AGENDA: Why Opal Fruits name has to go - Mars’ decision to rebrand Opal Fruits as Starbursts, as it is known throughout most of the world, reveals the conflict between domestic brand loyalty and the pressures of global strategies. Mars UK marketin

The debate over the change of name from Opal Fruits to Starburst has revealed once again the strength of emotion certain brands, especially in confectionery, seem able to stir up in us.

The debate over the change of name from Opal Fruits to Starburst

has revealed once again the strength of emotion certain brands,

especially in confectionery, seem able to stir up in us.



It was a marketing director’s dream when the previously unannounced

change to Starburst attracted so much attention. To be the subject not

only of comment on the front page of The Times, but also of a leader,

was a great boost.



The dream, though, was rudely interrupted by the leader-writer

expressing Luddite views on rebranding. It is surprising that objections

should be voiced purely on the basis of a historical attachment to a

well-established UK brand name.



Since we are not alone at Mars in rebranding some well-known brands, we

and the marketing profession have clearly failed to explain the benefits

of these changes to consumers.



Brand growth



Not everyone will be pleased at the loss of a well-loved brand name, but

there are plenty of examples of brands which have grown as a result of

changes.



Snickers grew following its change of name from Marathon and moved from

being number five in the market to number three. The advantages of a

name change to consumers are reflected in the availability of the same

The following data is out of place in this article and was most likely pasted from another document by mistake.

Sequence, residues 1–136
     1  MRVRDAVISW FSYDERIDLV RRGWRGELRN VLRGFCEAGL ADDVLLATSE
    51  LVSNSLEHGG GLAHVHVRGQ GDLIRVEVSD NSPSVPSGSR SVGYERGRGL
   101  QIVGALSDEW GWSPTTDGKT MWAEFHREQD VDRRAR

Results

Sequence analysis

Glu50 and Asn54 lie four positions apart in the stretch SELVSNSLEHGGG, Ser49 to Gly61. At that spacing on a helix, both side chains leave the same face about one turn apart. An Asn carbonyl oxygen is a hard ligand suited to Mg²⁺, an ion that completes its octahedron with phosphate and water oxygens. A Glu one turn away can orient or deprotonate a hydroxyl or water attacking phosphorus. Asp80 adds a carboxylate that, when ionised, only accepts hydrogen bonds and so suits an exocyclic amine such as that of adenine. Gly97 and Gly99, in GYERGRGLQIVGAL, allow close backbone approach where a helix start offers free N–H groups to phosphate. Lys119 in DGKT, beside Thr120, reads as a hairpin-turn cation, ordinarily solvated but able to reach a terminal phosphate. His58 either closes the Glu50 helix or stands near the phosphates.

product with the same brand name throughout the world.



Without the name change, Mars would have been unable to develop the

brand globally through the sponsorship of events like Euro ’96 and the

World Cup.



We know that changes of brand name do not happen on the whim of a brand

manager without reference to the people who really matter, in this case

Opal Fruits consumers. Presented with the rationale for the name change,

and the reassurance that it is only the name that is changing, research

shows (as one would expect) opinions ranging from the very positive to

the very neutral.



Consumers recognise, however, that in an increasingly global

marketplace, this sort of name change is increasingly common. They

understand that the advantage for them is that they will be able to find

brands they recognise and trust wherever they travel.



Of course, there will always be those who regret losing the old brand

name but, for us, the position is very clear. Out of every 100 packs of

fruit chews Mars sells worldwide, over 80 are branded Starburst.



Only in the UK does Opal Fruits exist, and it was inevitable that we

should rationalise the two brands into one sooner or later. The fact

that it is happening now is a reflection of an increase in the focus we

have chosen to put on our sugar business.



It would make little sense to increase our marketing investment behind a

brand name with limited geographical distribution in a global

marketplace.



Testament of youth



The memories of our youth and childhood sweet-shop recollections are

very important to us all, but we must not allow this to prevent change

where consumers will benefit.



We have found that a new generation of young consumers has come to

regard Snickers as its own brand. We are confident that a new generation

of consumers will say the same about Starburst in the years ahead.



In the meantime, we should all try to continue to extend more widely an

understanding of the benefits to consumers of changes to our brands.



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